It only took 13 seasons, but “American Idol” finally has its first openly gay contestant.
On Wednesday’s show, before saying whether she was going to become one of the show’s top 15 females, Jennifer Lopez circuitously told 20-year-old M.K. Nobilette, “You’re not the typical American Idol.” Harry Connick Jr. added, “Do you fit in, do you not fit in?” And Nobilette looked at them and point-blank told the judges what they’d been hemming and hawing about. “I’m very obviously gay,” she said, “and there are always gonna be people in America and everywhere else who will definitely hate me. But I think that in the last two years there have been a lot of things that have really changed that, and have made it a positive thing.” “Thank goodness,” Connick Jr. replied, before sending her through to the next round.
It’s not that the venerable talent competition has lacked for gay contestants over the years. Season 1 runner-up and current North Carolina congressional candidate Clay Aiken is an outspoken advocate for LGBT rights – but he didn’t come out until five years after his “Idol” near-victory. And his fellow Season 1 competitor Jim Verraros had kept a public online journal in which he wrote about being gay – until Fox, concerned his orientation might sway voters, asked him to remove it during the season’s run. He came out after the Season 1 Idols tour. Season 8 runner-up Adam Lambert played coy about his sexuality all through his run – and courted controversy over whether America was ready for such a “theatrical” contender, but didn’t confirm he was gay until his season was over. Season 9 contender Crystal Bowersox likewise came out as bisexual only after her run ended.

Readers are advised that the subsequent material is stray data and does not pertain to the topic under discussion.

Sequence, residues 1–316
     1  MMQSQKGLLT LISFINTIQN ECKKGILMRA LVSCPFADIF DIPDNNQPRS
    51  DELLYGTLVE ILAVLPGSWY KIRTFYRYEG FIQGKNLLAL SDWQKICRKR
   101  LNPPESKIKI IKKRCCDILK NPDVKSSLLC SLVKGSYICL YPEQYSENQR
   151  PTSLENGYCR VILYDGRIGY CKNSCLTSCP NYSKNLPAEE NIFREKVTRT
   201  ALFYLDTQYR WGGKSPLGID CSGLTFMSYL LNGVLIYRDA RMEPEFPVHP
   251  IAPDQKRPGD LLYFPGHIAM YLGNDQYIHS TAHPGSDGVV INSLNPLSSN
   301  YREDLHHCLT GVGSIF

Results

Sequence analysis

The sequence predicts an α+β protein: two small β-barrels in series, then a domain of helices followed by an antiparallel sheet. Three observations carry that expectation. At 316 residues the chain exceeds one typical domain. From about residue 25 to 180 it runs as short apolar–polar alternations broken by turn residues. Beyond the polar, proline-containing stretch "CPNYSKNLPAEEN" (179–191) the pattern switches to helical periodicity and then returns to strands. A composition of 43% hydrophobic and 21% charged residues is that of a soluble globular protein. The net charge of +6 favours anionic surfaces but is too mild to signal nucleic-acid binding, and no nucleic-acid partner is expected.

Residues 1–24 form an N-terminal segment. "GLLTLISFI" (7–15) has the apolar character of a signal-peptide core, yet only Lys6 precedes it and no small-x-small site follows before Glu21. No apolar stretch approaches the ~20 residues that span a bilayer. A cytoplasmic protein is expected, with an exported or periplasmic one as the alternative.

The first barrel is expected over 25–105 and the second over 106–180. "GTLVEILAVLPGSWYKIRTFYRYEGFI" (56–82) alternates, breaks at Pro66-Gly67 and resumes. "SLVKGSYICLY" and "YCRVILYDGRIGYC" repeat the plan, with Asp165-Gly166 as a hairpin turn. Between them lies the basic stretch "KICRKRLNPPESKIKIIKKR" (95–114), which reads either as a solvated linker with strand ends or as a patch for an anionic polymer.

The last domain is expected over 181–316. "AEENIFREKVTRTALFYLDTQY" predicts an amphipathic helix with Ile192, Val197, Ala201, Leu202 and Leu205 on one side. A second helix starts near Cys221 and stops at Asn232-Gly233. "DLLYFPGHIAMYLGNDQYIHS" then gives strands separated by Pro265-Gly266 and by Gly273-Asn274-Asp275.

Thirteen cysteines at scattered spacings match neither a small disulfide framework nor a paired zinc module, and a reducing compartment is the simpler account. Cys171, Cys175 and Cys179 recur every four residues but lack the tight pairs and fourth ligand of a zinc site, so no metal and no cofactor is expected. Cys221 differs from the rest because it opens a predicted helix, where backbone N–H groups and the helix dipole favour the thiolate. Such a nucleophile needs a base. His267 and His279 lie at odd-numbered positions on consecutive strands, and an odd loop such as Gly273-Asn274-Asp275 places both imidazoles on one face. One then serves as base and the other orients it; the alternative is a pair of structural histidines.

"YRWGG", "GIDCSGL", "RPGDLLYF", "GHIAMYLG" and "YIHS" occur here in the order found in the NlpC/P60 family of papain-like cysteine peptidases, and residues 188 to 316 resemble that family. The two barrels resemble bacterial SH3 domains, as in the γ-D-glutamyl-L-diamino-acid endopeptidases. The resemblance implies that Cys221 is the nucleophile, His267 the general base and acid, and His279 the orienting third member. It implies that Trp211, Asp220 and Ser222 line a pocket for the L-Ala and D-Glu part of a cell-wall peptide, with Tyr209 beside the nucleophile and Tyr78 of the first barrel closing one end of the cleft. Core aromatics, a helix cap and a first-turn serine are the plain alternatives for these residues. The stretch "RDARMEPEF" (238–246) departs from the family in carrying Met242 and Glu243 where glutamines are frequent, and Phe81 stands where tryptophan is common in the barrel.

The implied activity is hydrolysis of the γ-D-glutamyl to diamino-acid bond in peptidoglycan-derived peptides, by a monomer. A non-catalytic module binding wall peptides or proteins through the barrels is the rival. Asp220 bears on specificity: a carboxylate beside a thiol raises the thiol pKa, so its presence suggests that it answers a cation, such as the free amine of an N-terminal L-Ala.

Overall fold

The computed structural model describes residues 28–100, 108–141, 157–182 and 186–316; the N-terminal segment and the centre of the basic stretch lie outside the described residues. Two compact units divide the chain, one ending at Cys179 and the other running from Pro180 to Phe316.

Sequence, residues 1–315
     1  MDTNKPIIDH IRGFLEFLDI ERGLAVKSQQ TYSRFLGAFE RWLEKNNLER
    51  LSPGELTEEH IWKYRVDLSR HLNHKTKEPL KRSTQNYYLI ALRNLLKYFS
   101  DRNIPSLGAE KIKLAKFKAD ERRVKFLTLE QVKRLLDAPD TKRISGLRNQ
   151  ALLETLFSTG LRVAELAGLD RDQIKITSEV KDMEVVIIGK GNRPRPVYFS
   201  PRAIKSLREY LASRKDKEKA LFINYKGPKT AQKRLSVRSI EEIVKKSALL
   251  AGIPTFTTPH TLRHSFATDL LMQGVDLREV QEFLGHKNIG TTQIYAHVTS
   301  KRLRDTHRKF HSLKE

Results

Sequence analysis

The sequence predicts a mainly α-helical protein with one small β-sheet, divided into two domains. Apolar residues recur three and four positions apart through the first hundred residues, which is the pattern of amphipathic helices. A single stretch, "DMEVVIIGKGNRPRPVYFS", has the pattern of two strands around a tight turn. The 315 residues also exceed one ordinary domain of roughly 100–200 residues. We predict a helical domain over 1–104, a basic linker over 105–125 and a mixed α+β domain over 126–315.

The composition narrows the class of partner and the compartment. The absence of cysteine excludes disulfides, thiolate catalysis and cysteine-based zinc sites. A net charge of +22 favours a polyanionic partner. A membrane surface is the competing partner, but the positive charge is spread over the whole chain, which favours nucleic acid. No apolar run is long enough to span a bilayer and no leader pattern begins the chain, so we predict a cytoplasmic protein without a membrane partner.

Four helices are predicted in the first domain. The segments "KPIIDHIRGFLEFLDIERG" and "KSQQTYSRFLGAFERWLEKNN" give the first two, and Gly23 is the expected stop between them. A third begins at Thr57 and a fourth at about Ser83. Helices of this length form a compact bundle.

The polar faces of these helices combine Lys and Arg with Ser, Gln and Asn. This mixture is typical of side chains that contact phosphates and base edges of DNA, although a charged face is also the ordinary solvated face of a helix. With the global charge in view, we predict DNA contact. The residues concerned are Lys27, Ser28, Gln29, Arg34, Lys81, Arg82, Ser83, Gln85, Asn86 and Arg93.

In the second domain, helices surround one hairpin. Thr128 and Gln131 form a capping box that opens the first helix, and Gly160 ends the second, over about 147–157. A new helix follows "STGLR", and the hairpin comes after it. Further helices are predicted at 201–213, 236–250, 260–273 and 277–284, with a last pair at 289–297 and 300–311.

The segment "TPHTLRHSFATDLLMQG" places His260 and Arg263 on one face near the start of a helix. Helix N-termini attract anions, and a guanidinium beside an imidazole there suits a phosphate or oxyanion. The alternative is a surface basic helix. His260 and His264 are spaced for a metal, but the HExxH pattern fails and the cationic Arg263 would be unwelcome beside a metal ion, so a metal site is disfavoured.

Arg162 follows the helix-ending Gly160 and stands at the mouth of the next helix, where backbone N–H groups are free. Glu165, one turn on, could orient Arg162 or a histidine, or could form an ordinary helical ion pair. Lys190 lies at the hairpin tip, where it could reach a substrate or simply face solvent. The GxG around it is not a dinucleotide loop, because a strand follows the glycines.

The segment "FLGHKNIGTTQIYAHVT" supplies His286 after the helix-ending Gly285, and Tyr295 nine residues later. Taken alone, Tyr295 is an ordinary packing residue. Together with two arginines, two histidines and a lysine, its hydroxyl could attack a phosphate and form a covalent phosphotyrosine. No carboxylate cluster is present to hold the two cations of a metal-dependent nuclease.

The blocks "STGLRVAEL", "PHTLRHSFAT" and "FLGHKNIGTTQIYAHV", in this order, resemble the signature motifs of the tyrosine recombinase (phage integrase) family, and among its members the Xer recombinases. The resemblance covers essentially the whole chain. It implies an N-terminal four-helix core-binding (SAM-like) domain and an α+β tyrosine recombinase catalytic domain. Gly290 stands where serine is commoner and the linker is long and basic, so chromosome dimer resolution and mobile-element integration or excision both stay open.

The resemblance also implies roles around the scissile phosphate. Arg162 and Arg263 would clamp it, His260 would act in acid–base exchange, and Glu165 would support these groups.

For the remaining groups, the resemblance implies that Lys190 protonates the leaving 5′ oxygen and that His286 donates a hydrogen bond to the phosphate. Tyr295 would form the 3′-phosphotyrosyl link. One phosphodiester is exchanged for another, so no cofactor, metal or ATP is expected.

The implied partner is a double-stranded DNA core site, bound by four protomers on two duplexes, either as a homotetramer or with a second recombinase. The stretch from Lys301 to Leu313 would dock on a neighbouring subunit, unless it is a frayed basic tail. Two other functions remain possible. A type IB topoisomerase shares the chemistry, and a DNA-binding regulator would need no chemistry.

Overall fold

Since then, the show, especially in its early, competitor rich-episodes, has featured plenty of contestants who aren’t making an effort to play it straight. Last week, Keith London belted out “If I Were a Boy” and tweeted afterward, “Wait, did I just basically come out on National TV? Oh well cats out of the bag!” (He was eliminated this week.) And current still-in-the-running competitor, the self-described “extremely fierce” Emmanuel Zidor, has posted online about his desire for a boyfriend.
But there’s a difference between not attempting to pass and stating clearly who you are. Sure, no straight contestant has felt the need to sit down and articulate his or her heterosexuality, but as Nobilette acknowledges, there are going to be people watching who are uncomfortable with an openly gay person in their midst. The act of speaking up makes a difference. Football player Michael Sam could easily have chosen to keep his mum on his orientation — it’s widely acknowledged that there are gay men currently in the NFL. Several of the numerous Catholic school teachers who’ve been canned from their jobs in the past year say their employers already knew they were gay, but lost their jobs when they openly identified themselves and their spouses as such.
I grew up in a home with a grandmother who loved Liberace and never missed “The Merv Griffin Show.” She watched game shows with Paul Lynde and Charles Nelson Reilly. Their orientation was always a clear part of their public personae. And at the time, it was never acknowledged. I see now how much that silence spoke, how it made it seem that it was OK for certain people to entertain you, as long you didn’t get too curious about who they were offstage. Look at how just five years ago, “Idol” deployed a similar tactic with Adam Lambert. Just five years ago.
Nobilette could choose to keep her head down and play the ambiguous tomboy. Instead, early on in the game, she chose to head off speculation. Until we live in a world where gay people aren’t treated differently – like losing their jobs or having public speculation about whether they’ll make their teammates “uncomfortable” – we need people like Nobilette to explain to America that when other people suggest they’re “not typical” or “don’t fit in,” they’re rather clumsily asking something else. It takes courage to answer them, with pride and self-worth and total honesty. It makes Nobilette very special among all “Idol” contestants who’ve gone before. Her orientation shouldn’t determine how she fares in the competition, but to all of us who want to redefine what “typical” and “fits in” looks like, it matters. Oh, and by the way, she happens to be a hell of a singer.